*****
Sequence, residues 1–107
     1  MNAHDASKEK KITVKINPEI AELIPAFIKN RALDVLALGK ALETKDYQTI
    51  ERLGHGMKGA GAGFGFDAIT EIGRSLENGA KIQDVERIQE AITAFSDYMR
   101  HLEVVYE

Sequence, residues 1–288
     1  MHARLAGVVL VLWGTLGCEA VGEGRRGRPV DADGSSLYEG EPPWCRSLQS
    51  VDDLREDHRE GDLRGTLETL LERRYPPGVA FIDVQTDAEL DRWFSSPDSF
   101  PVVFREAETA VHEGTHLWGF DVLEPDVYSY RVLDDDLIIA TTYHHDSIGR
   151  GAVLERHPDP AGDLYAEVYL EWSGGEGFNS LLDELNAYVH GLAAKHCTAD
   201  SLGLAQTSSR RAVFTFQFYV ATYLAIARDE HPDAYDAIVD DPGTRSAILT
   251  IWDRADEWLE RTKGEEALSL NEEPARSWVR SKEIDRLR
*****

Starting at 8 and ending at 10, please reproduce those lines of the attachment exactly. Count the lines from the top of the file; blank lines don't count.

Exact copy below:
   101  PVVFREAETA VHEGTHLWGF DVLEPDVYSY RVLDDDLIIA TTYHHDSIGR
   151  GAVLERHPDP AGDLYAEVYL EWSGGEGFNS LLDELNAYVH GLAAKHCTAD
   201  SLGLAQTSSR RAVFTFQFYV ATYLAIARDE HPDAYDAIVD DPGTRSAILT